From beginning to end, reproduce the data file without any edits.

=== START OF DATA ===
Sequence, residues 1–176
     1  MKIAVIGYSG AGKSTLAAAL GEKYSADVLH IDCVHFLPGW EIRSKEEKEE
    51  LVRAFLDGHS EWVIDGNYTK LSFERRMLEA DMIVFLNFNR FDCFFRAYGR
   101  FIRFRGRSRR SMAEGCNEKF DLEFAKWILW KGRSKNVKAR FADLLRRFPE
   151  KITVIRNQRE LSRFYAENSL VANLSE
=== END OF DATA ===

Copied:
Sequence, residues 1–176
     1  MKIAVIGYSG AGKSTLAAAL GEKYSADVLH IDCVHFLPGW EIRSKEEKEE
    51  LVRAFLDGHS EWVIDGNYTK LSFERRMLEA DMIVFLNFNR FDCFFRAYGR
   101  FIRFRGRSRR SMAEGCNEKF DLEFAKWILW KGRSKNVKAR FADLLRRFPE
   151  KITVIRNQRE LSRFYAENSL VANLSE